Samsung Electronic Corporation: Governance of Chaebols

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CASE:

SAMSUNG ELECTRONIC CORPORATION: GOVERNANCE OF CHAEBOLS

Copyright: Prof. Florencio Lopez-de-Silanes

Professor Florencio Lopez-de-Silanes and Rakhi Kumar, Yale MBA02 prepared this case as the basis for class discussion rather than to illustrate the effective or ineffective governance of an organization.

Prof. Florencio Lopez-de-Silanes INTRODUCTION

Case: Samsung Electronics

Prior to the Asian currency crises, South Korea was an investment destination for several institutional investors and emerging market funds. Throughout the early nineties the country experienced an economic boom. South Korean conglomerates, locally know as chaebols, had diversified into various industries from cars to microchips. Samsung Electronics Corporation (Samsung Electronics), a rising star in the Samsung Chaebol was considered to be a high growth company. However, in 1997, the Asian currency crises magnified the problem of the Chaebol structure and highlighted the need for governance reforms. By 1999, a shareholder rights activist in South Korea - Prof. Hasung Jang had taken up the cause of minority shareholders of Samsung Electronics. With the help of foreign institutional investors, he planned to fight for governance reforms in South Korea. As a corporate governance specialist, Samuel Smith, had been contracted by a large foreign institutional investor to help reform Samsung Electronics.

KOREAN CHAEBOLS: Establishment, growth and structure.

In order to accelerate economic growth in the 1970’s, the Korean government formulated industrial policies that encouraged investment in heavy and chemical industry (HCI). Funded largely by government-controlled banks, affluent families took advantage of the liberal policies and set up companies in these industries. By the end of the 1970’s approximately 80 percent of fixed investment in the manufacturing sector was in HCI businesses. Between 1962 and 1982, annual growth averaged 8.4%, although by the end of the 1970’s production efficiency in priority sectors was falling. As a result, there was excessive investment in the HCI industries and little allocation efficiency in the capital markets1. Due to over investment in the HCI industry and small domestic markets, companies began diversifying into unrelated businesses, giving birth to the Korean Chaebols.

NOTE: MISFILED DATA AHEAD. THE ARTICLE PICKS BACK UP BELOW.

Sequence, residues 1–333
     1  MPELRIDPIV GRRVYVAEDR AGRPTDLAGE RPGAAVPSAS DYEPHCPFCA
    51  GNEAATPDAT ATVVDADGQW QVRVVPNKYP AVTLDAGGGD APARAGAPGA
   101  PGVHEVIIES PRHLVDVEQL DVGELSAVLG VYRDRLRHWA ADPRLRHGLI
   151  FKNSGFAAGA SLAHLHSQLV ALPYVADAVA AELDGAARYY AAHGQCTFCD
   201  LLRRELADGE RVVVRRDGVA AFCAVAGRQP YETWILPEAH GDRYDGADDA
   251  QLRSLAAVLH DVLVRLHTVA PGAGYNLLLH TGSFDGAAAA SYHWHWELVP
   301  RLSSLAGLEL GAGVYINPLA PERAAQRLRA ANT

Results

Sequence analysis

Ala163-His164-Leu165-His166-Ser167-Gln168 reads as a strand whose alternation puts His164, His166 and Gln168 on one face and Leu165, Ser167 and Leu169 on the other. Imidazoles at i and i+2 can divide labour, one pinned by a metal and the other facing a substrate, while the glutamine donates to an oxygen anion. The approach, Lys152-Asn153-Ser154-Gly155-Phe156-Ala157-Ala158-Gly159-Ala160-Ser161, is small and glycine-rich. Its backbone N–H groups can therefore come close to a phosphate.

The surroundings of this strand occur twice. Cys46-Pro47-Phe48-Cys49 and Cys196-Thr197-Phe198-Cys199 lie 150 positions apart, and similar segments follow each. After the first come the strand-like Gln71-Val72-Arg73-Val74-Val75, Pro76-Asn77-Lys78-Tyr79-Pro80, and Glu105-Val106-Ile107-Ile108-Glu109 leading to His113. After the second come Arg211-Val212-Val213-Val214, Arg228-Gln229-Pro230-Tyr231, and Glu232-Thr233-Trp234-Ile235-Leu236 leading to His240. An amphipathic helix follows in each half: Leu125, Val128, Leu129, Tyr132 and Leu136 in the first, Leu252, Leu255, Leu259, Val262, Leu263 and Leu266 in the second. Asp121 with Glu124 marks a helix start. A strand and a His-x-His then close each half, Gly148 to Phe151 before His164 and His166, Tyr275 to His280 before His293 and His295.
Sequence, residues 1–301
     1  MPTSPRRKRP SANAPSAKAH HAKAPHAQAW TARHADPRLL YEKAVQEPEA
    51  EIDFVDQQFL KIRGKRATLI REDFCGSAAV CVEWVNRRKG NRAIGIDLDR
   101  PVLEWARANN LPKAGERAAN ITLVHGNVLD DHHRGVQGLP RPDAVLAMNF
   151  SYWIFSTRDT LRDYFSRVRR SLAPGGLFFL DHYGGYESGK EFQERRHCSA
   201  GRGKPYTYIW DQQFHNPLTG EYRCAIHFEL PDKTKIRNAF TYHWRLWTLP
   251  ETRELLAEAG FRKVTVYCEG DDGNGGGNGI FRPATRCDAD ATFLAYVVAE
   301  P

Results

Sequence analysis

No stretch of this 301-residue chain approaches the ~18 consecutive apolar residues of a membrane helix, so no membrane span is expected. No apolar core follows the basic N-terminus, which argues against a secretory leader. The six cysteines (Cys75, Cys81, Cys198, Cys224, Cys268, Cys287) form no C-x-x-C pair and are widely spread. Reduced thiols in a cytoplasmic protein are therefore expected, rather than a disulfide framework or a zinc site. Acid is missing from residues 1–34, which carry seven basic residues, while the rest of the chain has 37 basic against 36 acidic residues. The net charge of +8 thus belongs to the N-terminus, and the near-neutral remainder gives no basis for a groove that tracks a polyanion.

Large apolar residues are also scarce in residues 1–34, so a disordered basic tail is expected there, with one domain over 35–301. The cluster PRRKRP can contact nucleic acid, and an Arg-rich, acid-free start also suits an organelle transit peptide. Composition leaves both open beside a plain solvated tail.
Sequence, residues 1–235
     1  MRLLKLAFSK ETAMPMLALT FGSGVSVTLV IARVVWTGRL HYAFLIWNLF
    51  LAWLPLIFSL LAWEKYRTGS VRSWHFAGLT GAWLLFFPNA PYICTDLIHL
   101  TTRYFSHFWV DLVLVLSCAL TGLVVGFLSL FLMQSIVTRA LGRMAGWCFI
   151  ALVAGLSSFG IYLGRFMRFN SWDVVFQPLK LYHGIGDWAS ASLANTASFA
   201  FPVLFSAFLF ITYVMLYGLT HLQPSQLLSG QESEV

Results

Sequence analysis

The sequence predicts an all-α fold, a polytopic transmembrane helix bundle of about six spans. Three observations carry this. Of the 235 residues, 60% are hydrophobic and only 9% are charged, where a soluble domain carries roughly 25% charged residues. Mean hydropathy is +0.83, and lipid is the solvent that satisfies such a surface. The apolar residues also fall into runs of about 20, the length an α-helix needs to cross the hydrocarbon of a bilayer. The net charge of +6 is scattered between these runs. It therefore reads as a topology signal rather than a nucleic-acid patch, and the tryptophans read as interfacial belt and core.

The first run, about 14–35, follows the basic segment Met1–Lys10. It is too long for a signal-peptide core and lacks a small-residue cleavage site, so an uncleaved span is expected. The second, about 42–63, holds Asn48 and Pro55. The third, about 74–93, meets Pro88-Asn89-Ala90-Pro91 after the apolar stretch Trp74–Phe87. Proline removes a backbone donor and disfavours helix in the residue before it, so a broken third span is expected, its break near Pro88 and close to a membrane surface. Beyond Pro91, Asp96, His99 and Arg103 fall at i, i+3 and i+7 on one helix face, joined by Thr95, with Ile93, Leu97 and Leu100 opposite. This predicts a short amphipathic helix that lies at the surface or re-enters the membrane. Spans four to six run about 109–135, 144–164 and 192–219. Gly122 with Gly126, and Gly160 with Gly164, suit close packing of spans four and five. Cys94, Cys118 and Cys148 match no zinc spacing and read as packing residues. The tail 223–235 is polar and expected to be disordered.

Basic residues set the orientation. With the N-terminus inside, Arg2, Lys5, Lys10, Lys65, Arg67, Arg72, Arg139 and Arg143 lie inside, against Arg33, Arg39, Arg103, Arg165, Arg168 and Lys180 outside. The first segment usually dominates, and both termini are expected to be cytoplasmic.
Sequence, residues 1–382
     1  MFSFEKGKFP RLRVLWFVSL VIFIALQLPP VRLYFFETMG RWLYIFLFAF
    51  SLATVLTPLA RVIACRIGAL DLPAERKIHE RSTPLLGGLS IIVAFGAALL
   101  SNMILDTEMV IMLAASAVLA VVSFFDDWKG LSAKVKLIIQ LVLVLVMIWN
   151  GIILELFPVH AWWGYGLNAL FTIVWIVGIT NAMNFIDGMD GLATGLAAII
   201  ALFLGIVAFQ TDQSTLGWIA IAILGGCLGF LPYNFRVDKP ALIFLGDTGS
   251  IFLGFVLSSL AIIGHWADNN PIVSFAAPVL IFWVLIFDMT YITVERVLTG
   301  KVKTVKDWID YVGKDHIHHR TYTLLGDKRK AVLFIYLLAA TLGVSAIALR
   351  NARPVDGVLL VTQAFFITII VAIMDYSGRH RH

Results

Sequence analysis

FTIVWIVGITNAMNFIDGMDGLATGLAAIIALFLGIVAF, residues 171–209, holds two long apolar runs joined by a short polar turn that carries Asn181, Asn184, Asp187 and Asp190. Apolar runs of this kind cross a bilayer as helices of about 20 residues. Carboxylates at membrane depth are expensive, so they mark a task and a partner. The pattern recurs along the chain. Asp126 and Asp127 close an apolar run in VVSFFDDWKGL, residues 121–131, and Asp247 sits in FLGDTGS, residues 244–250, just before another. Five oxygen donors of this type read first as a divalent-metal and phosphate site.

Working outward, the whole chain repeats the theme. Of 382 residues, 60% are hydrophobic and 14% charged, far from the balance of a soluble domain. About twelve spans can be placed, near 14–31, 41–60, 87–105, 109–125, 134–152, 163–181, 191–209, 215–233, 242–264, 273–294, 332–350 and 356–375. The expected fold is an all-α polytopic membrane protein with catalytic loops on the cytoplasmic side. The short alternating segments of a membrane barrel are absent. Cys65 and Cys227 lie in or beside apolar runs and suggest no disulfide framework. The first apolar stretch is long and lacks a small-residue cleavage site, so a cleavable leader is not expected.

Government intervention in resource allocation proved to be very costly. Enterprises that had access to preferential policy loans or tax incentives tended to expand their businesses The Institute for International Economics - Financial Services Liberalization in the WTO: Case Study of South Korea 1

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Prof. Florencio Lopez-de-Silanes

Case: Samsung Electronics

rapidly without careful appraisal of investment projects. Since the government largely made lending decisions, creditor banks had little incentive for credit evaluations or loan monitoring. As a result, firms were heavily leveraged and borrowed from informal credit markets as they were usually pressed for working capital. This structural weakness put the economy on the verge of a financial crises in early the 1970s and then again in the 1980s2. However, public purse bailing out of large enterprises became the norm and people were made to believe that chaebols were too big to fail.

When the government decided to open up the South Korean economy, many of the protective measures that local companies had enjoyed during the developmental era were removed. Companies that had expanded into unrelated businesses found that they no longer had access to government capital. Initially, banks were also not interested in financing these projects, nor did they have the expertise to evaluate these new high-risk businesses. Hence, business groups started creating their own group wide internal capital markets. Transfer pricing, cross-shareholdings and cross-guarantee of debts were some of the mechanisms employed by chaebols to fund expansion. They pooled any funds available...
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